There is a widely believed rumor, nobody can decide if its true or not, that Benjamin Franklin was not in favor of the bald eagle being our national emblem. Does anybody know what bird Benjamin Franklin wanted as our national bird? (crowd murmurs) I hear the turkey and I hear one very emphatic chicken. The answer is the turkey. Benjamin Franklin, we think, he said that he did not want the bald eagle because the bald eagle was dishonest. It watched other birds get the fish out of the lake and it would fly after them, knocking the bird and catch the fish as it dropped the fish. It was stealing fish from other birds. So he said that he wanted the turkey because it was humble. It stayed on the ground, it didn’t fly, and it stood up to its opponents so it had courage. Whether that’s true or not, we went with the bald eagle.
If we go to the Mexican eagle, down at the bottom, the Mexican eagle isn’t a bald eagle. What eagle is the national emblem of Mexico? It’s a Golden Eagle, that’s its official name. The Golden Eagle was picked because the Mexican seal with the Golden Eagle reminds us of the founding of Mexico City. Once upon a time, as legend goes, the Aztec people were told by their Sun God to go in search of a new home. They needed to find a place of their own. They were to look for an eagle standing on a cactus, holding a snake in its hand and in its mouth. When they found this, that would mark where they were to make their new home. So the priests wandered around and finally, in the middle of a swamp, they found an eagle flying around in the sky. Right before them, he swooped down, caught a snake, and landed on a prickly pear next to the priests, and they knew that was where they needed to make their new home. So they made a home called Tenochtitlan, which later thrived and became what is Mexico City today. So if you see pictures of Mexico City, imagine it as a swamp.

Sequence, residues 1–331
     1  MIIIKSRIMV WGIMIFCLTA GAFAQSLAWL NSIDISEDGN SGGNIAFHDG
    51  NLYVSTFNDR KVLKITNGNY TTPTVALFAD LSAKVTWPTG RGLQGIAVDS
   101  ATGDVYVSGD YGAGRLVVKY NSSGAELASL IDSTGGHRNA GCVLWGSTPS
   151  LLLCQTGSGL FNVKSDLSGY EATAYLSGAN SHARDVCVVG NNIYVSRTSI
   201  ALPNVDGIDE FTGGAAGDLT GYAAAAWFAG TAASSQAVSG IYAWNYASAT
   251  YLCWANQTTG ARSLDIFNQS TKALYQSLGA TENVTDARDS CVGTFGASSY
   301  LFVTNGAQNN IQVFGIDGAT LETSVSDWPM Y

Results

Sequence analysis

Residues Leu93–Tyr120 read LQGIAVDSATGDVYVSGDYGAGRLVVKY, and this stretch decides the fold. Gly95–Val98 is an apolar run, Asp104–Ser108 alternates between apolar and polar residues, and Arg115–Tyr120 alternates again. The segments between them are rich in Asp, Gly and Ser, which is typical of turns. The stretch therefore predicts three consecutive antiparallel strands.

Now both the Golden Eagle and the Bald Eagle are represented on our seal here to remind us that we strive for friendship between the two nations of Mexico and the United States. We also strive for friendship between all nations, but we mainly focus on Mexico and the US because we were Mexico about 50 years ago. We are coming up on our 50th anniversary.
So just as the shifting Rio Grande does not identify the boundary between the United States and Mexico, eagles don’t either. Eagles will fly wherever they want to fly. Here in the United States, the government protects both Bald Eagles and Golden Eagles with the Bald and Golden Eagle Protection Act of 1962.What the protection act says is that people won’t take down their nests, they will not take their feathers or any other of their parts, they will not steal their eggs. They will basically leave them alone to be free and undisturbed and fly wherever they want.
Now add to that the National Park Service, which we are a part of here at Chamizal. We also protect all animals. If there are any animals inside the boundary of this park, they are protected. They are supposed to be able to live out their lives undisturbed and unaltered. You can go to places like Grand Canyon National Park, stand on the rim of the canyon and watch Golden Eagles fly before you. You can fly up to Minnesota and go to Voyageurs on the lakes and watch the Bald Eagles fish and live their lives out in the tall tall pines. They will always be protected.
These eagles, like all national symbols, they represent the founding ideas of freedom and independence that are shared by people on both sides of the border. United States and Mexico.
Thank you very much. If you want to see our seal up close, you can come visit us over there at the red tent. And Thank you to my volunteers for helping.
During Music Under the Stars, Ranger Anne speaks of the dead grass and future landscaping plans. Park officials hope to create a landscape that is in harmony with the surrounding desert environment as well as allows visitors to recreate and enjoy the grounds.
6 minutes, 20 seconds
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Did You Know?
Chamizal National Memorial is named after a plant. Chamizal means "land where the chamiso grows". The Spanish word "chamiso" is the common name for four-wing saltbush (atriplex canescens).